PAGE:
Posts Tagged ‘gyoza’

“Wagamama, Gibraltar was faring the best across Europe!”  Rumoured the naughty child.

And after shifting 1 month’s worth of duck and beer in 3 days I can see why!

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When I first came across Wagamama in London in the late 90’s, I nostalgically remember it as the perfect antidote to a night of student revelling London-style (stylie).  We’d wake up and trundle down to the nearest Wagamamas and cluster around their long tables and immediately get a vitamin boost from their super green, super fresh, body cleansing, high antioxidant smoothies followed by a bowl of something spicy with plenty of carbs – if my mind goes that far back, I think my dish of choice was always a Pad Thai.  It would beat going to Maccy-Ds any day!

Flash-forward over 20 years and in June 2016, after a social media frenzy of freebie tickets, £5 sittings and press evenings, we are treated to our very own Wagamama here in Gibraltar.  With the stunning setting that Ocean Village provides, Wagamama, with its roots in Japanese-inspired cuisine, fits right in amongst the palm trees and ferns that line the promenade.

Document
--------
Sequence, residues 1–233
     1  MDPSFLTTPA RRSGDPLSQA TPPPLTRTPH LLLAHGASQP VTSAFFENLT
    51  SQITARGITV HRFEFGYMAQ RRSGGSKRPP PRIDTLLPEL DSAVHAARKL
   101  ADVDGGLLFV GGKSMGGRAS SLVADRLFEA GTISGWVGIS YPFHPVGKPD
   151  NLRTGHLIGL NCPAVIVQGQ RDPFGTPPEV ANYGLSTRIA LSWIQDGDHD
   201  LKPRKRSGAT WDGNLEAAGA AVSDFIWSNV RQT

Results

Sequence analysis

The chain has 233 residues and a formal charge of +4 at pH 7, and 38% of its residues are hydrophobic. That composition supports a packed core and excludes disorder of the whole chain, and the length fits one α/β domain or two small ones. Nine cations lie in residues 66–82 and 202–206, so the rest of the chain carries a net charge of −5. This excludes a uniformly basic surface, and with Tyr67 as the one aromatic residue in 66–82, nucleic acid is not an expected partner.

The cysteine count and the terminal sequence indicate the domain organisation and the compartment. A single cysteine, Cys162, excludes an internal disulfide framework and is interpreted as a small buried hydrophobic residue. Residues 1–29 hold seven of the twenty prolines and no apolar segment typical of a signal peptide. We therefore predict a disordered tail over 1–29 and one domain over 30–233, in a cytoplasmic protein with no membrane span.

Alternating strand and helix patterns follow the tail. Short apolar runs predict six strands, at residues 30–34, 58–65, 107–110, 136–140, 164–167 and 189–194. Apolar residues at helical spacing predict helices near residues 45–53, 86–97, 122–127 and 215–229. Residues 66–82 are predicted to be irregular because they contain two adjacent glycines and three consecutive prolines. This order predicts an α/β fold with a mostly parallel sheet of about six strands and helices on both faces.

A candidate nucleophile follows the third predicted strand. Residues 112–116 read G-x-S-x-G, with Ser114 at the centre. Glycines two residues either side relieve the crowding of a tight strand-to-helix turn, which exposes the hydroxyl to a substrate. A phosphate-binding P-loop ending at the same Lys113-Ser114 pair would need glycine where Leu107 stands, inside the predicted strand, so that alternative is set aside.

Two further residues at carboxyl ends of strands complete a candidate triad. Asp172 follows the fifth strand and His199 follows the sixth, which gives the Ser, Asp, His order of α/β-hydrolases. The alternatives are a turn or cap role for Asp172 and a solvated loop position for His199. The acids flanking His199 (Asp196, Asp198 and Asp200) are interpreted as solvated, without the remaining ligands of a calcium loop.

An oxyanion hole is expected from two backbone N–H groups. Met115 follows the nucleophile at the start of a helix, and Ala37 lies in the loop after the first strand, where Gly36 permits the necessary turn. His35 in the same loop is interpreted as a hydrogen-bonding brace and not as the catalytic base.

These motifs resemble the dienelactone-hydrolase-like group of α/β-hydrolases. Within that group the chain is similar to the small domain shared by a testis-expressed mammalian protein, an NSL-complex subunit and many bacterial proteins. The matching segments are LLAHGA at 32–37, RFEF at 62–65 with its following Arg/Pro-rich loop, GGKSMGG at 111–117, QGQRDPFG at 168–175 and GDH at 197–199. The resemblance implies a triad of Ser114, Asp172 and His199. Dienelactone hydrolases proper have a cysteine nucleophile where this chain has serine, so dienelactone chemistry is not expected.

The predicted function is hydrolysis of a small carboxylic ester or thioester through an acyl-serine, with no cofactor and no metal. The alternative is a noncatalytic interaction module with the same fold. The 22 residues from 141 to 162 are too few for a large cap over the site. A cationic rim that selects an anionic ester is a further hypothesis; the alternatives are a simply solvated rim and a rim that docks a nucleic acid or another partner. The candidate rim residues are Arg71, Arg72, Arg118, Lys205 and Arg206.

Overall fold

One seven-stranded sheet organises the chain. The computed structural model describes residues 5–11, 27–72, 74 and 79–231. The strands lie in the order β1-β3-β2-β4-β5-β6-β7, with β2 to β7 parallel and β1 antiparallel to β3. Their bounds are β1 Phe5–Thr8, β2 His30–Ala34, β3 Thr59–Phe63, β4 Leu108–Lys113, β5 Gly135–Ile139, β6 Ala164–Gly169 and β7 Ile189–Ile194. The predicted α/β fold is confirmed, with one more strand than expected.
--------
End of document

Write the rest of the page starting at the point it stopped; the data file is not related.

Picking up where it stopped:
long tablesUpon arrival everything seems to be at one with nature –chairs are large wooden blocks with simple metal legs, rattan chairs out on the terrace; long wooden-topped tables (ideal for families) presented in a minimalist Japanese canteen style with spotlights aimed along the centre of these.   Fully opening glass doors bringing the sea into the room.  The 3 large mirrors at the back of the room creating  a sense of depth, reflecting images of staff whizzing from station to table.  And last but not least, its vast open kitchen and prep area with its denizen of chefs glancing from screens to chopping boards to woks to plates.

The menu is not organised as ‘starters and mains’ but as: Sides – to order with your main dish or to share; Gyoza – either steamed or fried dumplings filled with goodness; Ramen – a bowl of hot soup filled with noodles; toppings and garnishes; Curry – fresh curries served over rice; Teppanyaki – sizzling soft noodles with crunchy veg/meat/prawns; Omakase – 4 different Chef Specials; Donburi – a big bowl of steamed rice and stir fired meats/veg; Salads -2 stir fry salads and Extras – miso soup, Japanese pickles, ‘century’ egg, kimchee, chillies or rice/noodles.

I found the exemplary waiting staff to be very cheerful and friendly at all times.  Their knowledge of the menu evident as they would translate dish numbers into dish names; scribbling your order onto your placemat.  Before leaving our table, the waiter asked us if we’d been to Wagamama before so as to clarify how our food would arrive.